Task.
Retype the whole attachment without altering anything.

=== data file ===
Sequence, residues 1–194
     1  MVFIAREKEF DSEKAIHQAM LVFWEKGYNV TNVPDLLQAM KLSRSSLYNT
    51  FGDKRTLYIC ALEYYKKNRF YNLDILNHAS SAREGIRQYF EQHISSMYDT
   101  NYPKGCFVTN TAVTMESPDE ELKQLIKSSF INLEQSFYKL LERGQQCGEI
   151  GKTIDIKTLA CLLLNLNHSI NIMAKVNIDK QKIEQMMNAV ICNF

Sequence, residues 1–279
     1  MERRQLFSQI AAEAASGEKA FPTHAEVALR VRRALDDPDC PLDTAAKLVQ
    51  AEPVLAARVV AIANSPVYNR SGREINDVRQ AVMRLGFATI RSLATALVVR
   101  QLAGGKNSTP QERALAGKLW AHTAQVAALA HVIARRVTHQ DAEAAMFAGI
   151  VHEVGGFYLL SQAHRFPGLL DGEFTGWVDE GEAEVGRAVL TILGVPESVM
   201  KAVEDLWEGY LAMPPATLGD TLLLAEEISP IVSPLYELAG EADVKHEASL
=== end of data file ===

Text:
Sequence, residues 1–194
     1  MVFIAREKEF DSEKAIHQAM LVFWEKGYNV TNVPDLLQAM KLSRSSLYNT
    51  FGDKRTLYIC ALEYYKKNRF YNLDILNHAS SAREGIRQYF EQHISSMYDT
   101  NYPKGCFVTN TAVTMESPDE ELKQLIKSSF INLEQSFYKL LERGQQCGEI
   151  GKTIDIKTLA CLLLNLNHSI NIMAKVNIDK QKIEQMMNAV ICNF

Sequence, residues 1–279
     1  MERRQLFSQI AAEAASGEKA FPTHAEVALR VRRALDDPDC PLDTAAKLVQ
    51  AEPVLAARVV AIANSPVYNR SGREINDVRQ AVMRLGFATI RSLATALVVR
   101  QLAGGKNSTP QERALAGKLW AHTAQVAALA HVIARRVTHQ DAEAAMFAGI
   151  VHEVGGFYLL SQAHRFPGLL DGEFTGWVDE GEAEVGRAVL TILGVPESVM
   201  KAVEDLWEGY LAMPPATLGD TLLLAEEISP IVSPLYELAG EADVKHEASL